Martin Puryear’s artistic output is structured like a cream-filled cookie: two layers of etchings with monumental sculpture in between. The Washington, D.C.-born artist began creating works on paper in the 1960s and returned to the medium at the turn of this century. His early and recent work is surveyed in Martin Puryear: Prints, 1962-2016 at the Print Center.
Rorschach on the Schuylkill
Which is not to say Puryear abandoned sculpture. Along Kelly Drive, Big Bling (2016) rises 40 feet high in a temporary installation. Suggesting a high-heeled shoe, an earring, or even an elephant, it offers a Rorschach test to rowers, runners, and drivers alike.
Among the works on view at the Print Center is Untitled V1 (State 1) (2012). It could be Bling’s blueprint, though in this iteration it appears like a large sitting cat. The resemblance confirms that whatever the medium, Puryear’s work flows from the same creative stream.
Woodblock and intaglio
While studying at Catholic University and then serving with the Peace Corps, Puryear made woodcuts and etchings. Rather than photographing the experience while he taught in Sierra Leone, he sketched and illustrated letters home. Work from those years includes a woodcut, Dog (1965). It’s a stark X-ray of a starving canine in which outer form and inner bone structure are simultaneously visible.
While Dog arrests the eye, Dome (1965) is more nuanced. In an aquatint etching of what could be the view from a Roman rooftop, Puryear provides a cityscape of textures. The sky is smooth and the striated dome suggests copper, though the piece is not colored in. A wall is made of rough brick, and circular windows below the dome allow viewers to peer into the darkened building.
Animals and ancient objects
Besides exploring new media as his career progressed, Puryear’s style evolved from representational to abstract, a transformation beautifully illustrated by Bull (1962) and Diallo (2013). Bull is a woodcut in which the steer’s body seems not merely inked with wood but carved from it, the grain staking out wide swaths across shoulder and haunch. The image, however, is sharp and clear. While still identifiably a bull, Diallo is abstract, just an elongated triangle to form the face, two curling horns that look more like old telephone cord than lethal weapons, and one winking eye.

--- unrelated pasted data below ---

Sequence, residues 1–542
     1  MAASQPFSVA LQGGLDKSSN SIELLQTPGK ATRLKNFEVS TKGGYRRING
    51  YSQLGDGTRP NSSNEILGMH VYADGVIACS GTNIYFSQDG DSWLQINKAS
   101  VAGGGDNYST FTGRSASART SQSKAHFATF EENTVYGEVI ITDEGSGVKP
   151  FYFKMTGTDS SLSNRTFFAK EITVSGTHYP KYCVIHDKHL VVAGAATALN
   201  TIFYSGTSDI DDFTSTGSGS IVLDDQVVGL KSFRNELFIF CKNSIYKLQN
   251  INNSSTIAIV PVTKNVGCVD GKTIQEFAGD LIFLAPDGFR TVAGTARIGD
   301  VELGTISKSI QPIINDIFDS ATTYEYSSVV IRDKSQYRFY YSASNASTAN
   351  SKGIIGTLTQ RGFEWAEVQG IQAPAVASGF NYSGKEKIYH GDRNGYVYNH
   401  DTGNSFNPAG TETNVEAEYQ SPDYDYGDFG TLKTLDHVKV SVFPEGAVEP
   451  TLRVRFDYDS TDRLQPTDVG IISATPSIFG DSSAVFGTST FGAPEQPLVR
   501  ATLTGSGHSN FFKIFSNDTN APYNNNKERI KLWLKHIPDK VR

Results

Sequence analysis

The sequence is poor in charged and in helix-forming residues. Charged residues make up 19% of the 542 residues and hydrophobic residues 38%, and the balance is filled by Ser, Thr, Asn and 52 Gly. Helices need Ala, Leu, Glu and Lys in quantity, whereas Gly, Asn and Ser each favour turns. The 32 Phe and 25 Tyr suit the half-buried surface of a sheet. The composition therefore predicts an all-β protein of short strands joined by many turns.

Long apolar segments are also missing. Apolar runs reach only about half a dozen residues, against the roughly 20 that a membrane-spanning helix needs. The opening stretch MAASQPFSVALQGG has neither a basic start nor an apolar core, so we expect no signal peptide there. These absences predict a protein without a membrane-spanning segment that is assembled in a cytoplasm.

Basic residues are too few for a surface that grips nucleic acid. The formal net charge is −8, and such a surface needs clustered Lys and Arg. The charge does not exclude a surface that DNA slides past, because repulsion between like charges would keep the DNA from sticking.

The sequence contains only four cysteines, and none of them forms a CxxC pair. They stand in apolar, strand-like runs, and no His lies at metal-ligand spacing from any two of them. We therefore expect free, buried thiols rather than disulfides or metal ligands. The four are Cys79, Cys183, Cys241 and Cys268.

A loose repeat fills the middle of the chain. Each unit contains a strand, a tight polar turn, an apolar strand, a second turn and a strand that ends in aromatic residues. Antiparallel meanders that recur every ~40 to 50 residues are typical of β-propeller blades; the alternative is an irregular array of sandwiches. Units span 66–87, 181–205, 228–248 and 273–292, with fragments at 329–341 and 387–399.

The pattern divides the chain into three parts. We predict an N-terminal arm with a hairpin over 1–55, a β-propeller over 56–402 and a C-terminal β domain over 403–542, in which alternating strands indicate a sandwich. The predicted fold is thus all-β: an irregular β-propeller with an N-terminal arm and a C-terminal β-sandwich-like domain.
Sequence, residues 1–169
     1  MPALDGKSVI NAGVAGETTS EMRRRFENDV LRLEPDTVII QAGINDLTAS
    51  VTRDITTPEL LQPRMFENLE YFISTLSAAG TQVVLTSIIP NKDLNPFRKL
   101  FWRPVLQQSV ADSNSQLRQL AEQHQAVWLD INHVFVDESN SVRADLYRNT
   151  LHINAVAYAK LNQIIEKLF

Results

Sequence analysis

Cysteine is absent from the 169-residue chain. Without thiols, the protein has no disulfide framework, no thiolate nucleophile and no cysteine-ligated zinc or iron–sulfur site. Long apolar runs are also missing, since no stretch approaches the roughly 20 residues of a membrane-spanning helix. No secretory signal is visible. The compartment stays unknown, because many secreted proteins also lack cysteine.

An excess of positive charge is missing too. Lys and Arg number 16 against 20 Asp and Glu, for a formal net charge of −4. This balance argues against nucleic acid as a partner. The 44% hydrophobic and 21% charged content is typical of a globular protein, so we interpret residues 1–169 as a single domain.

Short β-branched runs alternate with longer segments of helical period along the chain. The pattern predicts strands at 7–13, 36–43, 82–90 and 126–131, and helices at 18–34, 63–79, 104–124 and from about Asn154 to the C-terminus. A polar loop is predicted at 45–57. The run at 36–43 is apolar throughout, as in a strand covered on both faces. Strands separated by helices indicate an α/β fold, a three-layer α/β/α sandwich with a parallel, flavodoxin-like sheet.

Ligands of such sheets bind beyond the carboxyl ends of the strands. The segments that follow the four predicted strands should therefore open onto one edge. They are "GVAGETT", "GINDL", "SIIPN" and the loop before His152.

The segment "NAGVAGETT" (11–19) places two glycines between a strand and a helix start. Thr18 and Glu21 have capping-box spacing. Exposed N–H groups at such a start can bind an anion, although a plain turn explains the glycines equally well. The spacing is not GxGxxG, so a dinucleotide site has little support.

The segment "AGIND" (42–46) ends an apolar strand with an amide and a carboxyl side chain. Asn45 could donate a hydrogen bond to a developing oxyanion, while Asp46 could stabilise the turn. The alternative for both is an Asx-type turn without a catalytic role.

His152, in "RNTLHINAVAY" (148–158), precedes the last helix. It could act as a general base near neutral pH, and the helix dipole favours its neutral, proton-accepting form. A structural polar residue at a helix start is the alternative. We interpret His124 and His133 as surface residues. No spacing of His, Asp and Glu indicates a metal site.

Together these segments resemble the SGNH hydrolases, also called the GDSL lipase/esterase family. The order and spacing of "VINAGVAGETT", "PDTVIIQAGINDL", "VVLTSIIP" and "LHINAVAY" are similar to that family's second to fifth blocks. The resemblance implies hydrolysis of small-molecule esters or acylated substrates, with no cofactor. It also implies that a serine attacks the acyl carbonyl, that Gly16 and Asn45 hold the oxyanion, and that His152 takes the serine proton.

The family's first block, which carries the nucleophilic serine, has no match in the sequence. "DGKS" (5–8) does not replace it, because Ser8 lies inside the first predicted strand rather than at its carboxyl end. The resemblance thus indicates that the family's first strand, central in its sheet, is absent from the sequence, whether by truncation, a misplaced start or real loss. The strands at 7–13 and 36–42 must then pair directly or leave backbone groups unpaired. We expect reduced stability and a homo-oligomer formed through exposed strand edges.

Puryear’s early etching Rune Stone (1966) is a tour de force of technique, writes Ruth Fine, guest curator for the exhibition and a former curator for the National Gallery of Art in Washington D.C. In terms of quality and subject matter, it is of a piece with his more recent Phrygian (Cap in the Air) (2012).
Both works are richly textured, dense, solid — a result of techniques that include soft ground etching and aquatint. In aquatint, printing plates are treated with acid to produce tonal variations that have been compared to watercolors.
Rune Stone, shaped like a fingerprint, appears to have been eroded with time and nature. The viewer feels the dampness of the surface, permeated by dirt and leaf mold, interrupted only by incised marks made by an unseen carver. In reality, it was the work of the unseen artist, scraping and polishing the image through multiple stages. In Phrygian, the ribbed, pointed cap tilts as if windblown, and the eye feels its thick softness.
One gallery is devoted to Puryear’s illustrations of Jean Toomer’s experimental novel Cane, a work first published in 1923 and considered a landmark of the Harlem Renaissance. Puryear read the book — which addresses race and being black in the United States through both fiction and poetry — in the early 1970s. Proofs of seven woodcuts (2000) inspired by Toomer’s female characters are on exhibit, as well as a leather-bound limited editon with a wooden slipcase designed by Puryear. The slipcase is fashioned of African wenge, Swiss pear, American walnut, and sugar maple. Unlike the two-tone images, these woods display a range of natural colors.
The rare volume appears in a case, open to the page about Esther, who encounters the threatening King Barto as he goes into a religious trance. Puryear illustrated the passage with a view of Esther’s hair — wavy tendrils, as referenced in the text — and a single oval eye. Though only a partial view, the cuts comprising her image are wider and seem closer to the viewer than Barto, who is shown as a single thin line curling from eye to brow and back down to cheekbone, lips and shoulder. Being able to read the text from which Puryear worked is fascinating; It would be interesting to read the passages for Karintha, Becky, Carma, Fern, Avey, and Bona, whose interpretations are also on view.
Just as Puryear’s art straddles genre and scale, its qualities shift from precise edges to cottony splotches, prickly fields to burnished expanses, bold black-and-white to a rainbow of grays. What’s on view is not so much the evolution of a body of work but the amalgamation of Puryear’s evolution as an artist.